Outside of California, the story received relatively little coverage. Other international and national events took precedence. Then-president Ronald Reagan had just returned to the White House following John Hinckley's unsuccessful assassination attempt. In the United States, the Atlanta Child Murders occupied the unsolved crime spots, while Canadian newspapers followed the (still) unexplained poisoning of infants at Toronto Sick Children's Hospital. Only with time would the gruesome killings at Keddie become better-known.
Three years later and fifty miles away, on April 22, 1984, a bottle collector in Feather Falls, Butte County, made a grisly discovery that provided police with further evidence but brought them no closer to solving the case. While bottle-hunting in the woods, he noticed a skull, picked clean by animals.
The skull belonged to Tina Sharp. No one has as yet uncovered a body. Before official identification was made, an anonymous caller told the Butte County sheriff's dispatch that the skull was Tina's.
Survivors held a memorial service for the girl in 2002.
The case received fresh attention in 2008 when the film The Strangers hit theaters. By torturing the phrase, Based on a True Story, the Hollywood publicity machine inspired viewers to look for the film's source. They had no hope of finding it; the "true story" consisted of the writer's childhood experience. Some unidentified people came to his door and asked to see someone who didn't live in his house. Then they left. Never mind the truth; people proffered both the Manson Family Murders and the Keddie killings as the reality behind the thriller. While this connection made more people aware of the murders, it also tainted the public perception. In the post-Blair Witch world, many people assumed the entire Keddie tale was imaginary, a viral marketing campaign.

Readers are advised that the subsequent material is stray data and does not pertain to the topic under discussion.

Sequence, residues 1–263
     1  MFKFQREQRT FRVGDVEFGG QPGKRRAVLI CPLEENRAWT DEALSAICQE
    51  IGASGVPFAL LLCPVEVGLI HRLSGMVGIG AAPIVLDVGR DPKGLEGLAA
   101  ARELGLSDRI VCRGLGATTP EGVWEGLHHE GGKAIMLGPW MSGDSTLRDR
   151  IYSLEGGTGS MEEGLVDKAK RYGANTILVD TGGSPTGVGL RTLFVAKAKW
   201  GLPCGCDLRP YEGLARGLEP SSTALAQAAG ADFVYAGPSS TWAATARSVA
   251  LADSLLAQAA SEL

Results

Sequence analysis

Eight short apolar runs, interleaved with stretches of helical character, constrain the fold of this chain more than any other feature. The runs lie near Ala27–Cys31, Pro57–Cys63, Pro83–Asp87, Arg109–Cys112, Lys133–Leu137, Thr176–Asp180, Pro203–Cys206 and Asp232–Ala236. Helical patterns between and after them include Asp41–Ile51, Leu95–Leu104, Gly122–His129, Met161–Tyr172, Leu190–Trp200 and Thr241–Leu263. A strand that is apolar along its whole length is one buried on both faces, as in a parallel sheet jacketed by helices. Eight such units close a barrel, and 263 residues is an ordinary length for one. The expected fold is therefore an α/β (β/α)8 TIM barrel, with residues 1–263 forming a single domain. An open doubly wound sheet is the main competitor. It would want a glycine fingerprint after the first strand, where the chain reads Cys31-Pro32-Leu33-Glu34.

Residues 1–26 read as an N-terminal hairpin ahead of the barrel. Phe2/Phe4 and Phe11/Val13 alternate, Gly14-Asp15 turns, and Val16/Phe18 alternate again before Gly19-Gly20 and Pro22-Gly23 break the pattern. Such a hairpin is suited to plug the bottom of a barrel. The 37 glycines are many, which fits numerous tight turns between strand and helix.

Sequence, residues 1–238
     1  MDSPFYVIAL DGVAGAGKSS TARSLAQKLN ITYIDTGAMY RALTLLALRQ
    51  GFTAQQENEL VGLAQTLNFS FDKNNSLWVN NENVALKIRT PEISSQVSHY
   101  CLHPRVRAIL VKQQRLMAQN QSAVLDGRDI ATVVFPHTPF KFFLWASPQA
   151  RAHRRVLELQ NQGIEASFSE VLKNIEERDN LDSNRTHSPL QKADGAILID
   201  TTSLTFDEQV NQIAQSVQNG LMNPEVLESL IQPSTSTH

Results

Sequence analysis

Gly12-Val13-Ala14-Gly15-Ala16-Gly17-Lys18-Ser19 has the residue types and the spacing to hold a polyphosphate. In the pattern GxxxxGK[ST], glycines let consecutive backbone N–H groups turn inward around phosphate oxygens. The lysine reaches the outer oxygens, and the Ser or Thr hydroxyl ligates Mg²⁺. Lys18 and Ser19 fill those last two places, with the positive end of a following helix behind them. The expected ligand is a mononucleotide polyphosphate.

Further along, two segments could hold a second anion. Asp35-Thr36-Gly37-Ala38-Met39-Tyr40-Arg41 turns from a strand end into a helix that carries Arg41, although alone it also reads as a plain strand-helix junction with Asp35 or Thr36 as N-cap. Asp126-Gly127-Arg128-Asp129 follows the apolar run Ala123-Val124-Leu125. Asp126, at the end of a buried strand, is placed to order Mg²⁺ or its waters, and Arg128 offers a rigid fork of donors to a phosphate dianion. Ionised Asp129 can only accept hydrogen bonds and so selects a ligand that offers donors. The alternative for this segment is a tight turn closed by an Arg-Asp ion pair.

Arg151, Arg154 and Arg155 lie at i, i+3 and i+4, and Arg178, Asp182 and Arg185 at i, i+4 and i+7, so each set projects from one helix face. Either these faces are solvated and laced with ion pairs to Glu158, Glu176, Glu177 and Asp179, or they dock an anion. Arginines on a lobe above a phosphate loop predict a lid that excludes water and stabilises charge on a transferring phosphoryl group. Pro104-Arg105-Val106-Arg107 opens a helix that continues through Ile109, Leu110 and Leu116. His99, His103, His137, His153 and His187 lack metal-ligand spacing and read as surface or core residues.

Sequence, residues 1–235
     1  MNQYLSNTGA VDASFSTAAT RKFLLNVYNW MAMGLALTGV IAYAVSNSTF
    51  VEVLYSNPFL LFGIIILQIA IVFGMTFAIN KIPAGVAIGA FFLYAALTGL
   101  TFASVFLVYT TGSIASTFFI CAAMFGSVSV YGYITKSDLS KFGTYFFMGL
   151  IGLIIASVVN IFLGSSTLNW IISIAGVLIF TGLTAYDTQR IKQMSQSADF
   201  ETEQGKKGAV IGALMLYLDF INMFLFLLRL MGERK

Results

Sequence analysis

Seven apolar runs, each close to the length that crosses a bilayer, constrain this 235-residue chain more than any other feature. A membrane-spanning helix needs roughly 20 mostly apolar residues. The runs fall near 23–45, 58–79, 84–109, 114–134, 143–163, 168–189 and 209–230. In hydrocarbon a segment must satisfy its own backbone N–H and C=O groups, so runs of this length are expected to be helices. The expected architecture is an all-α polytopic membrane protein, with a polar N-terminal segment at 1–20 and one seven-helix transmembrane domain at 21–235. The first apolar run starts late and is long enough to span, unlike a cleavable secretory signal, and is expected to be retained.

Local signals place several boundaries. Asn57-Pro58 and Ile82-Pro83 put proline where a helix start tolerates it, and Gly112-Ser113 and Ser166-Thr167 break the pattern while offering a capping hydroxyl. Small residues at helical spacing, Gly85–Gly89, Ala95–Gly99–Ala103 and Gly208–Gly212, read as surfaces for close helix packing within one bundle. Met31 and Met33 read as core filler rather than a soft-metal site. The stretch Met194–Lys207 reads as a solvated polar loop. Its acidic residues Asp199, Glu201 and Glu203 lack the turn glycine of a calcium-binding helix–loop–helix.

The very real resort where the killing occurred suffered years of neglect by locals and abuse by transients. Thrill-seekers regularly broke into Cabin 28, and stories spread of apparitions and mysterious sounds. In the twenty-first century, the owners refurbished the lodge and most of the cabins and started to rent them out again. They also demolished the long-abandoned murder site. With the passage of time, the Keddie Resort once again seems free of ghosts and hospitable to visitors.
Whether the story that haunts Keddie will ever have a conclusion remains unknown.
Update: In 2016, new clues became known to the public. A treasure-hunter with a metal detector turned over a claw hammer that he discovered near the site of the murders. Sheriff Greg Hagwood says that the hammer "would have been intentionally put" in the location where it was found (Quoted in McDonald). It is the sort of hammer that would have been used in the killings. Around the same time, special investigator Mike Gamberg found the recording of the 1984 anonymous call that correctly identified Tina Sharp's remains. The recording had never been examined, but Gamberg notes that voice-print technology might reveal new information.
Thanks to avalyn for pointing me to this information.
Kevin Fagan. "Exorcising Ghosts of the Past." The San Francisco Chronicle, June 10, 2001. http://www.sfgate.com/cgi-bin/article.cgi?f=/c/a/2001/06/10/MN128511.DTL.
Steve Gibson. "Bones found are those of girl linked to triple slaying in Pluman[sic] County." The Sacramento Bee, June 21, 1984.
Krystal Hawkins. "Haunted Places: Keddie Resort, Calif.: The Unsolved Nightmare in Cabin 28." Tru-TV. http://www.trutv.com/library/crime/notorious_murders/classics/haunted_places/2.html
Josh Hancock. Cabin 28: The Keddie Murders. http://keddiemurdersfilm.com/.
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Dan McDonald. "More evidence uncovered in Keddie murders case." Plumas County News April 6, 2016.
"Memorial Held for Tina Sharp." Plumas County News October 28, 2002.
Victoria Metcalf. "Cabin 28: 25-year-old slaying still haunt people, community." Plumas County News April 11, 2006.